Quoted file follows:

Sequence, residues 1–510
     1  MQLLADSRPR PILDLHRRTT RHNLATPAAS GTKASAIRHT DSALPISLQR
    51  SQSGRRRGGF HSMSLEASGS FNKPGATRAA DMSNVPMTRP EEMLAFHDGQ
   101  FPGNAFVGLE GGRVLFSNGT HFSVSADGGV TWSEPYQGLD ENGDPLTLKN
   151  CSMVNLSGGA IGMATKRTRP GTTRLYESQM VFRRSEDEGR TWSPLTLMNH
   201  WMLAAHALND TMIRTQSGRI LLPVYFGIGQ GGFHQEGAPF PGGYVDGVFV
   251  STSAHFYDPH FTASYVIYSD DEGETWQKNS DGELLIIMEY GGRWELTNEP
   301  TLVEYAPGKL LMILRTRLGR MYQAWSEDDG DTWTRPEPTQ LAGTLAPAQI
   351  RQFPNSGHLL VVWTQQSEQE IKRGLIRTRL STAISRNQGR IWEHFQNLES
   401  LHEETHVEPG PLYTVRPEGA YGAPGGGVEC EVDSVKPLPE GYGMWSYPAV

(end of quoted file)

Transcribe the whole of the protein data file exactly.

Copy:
Sequence, residues 1–510
     1  MQLLADSRPR PILDLHRRTT RHNLATPAAS GTKASAIRHT DSALPISLQR
    51  SQSGRRRGGF HSMSLEASGS FNKPGATRAA DMSNVPMTRP EEMLAFHDGQ
   101  FPGNAFVGLE GGRVLFSNGT HFSVSADGGV TWSEPYQGLD ENGDPLTLKN
   151  CSMVNLSGGA IGMATKRTRP GTTRLYESQM VFRRSEDEGR TWSPLTLMNH
   201  WMLAAHALND TMIRTQSGRI LLPVYFGIGQ GGFHQEGAPF PGGYVDGVFV
   251  STSAHFYDPH FTASYVIYSD DEGETWQKNS DGELLIIMEY GGRWELTNEP
   301  TLVEYAPGKL LMILRTRLGR MYQAWSEDDG DTWTRPEPTQ LAGTLAPAQI
   351  RQFPNSGHLL VVWTQQSEQE IKRGLIRTRL STAISRNQGR IWEHFQNLES
   401  LHEETHVEPG PLYTVRPEGA YGAPGGGVEC EVDSVKPLPE GYGMWSYPAV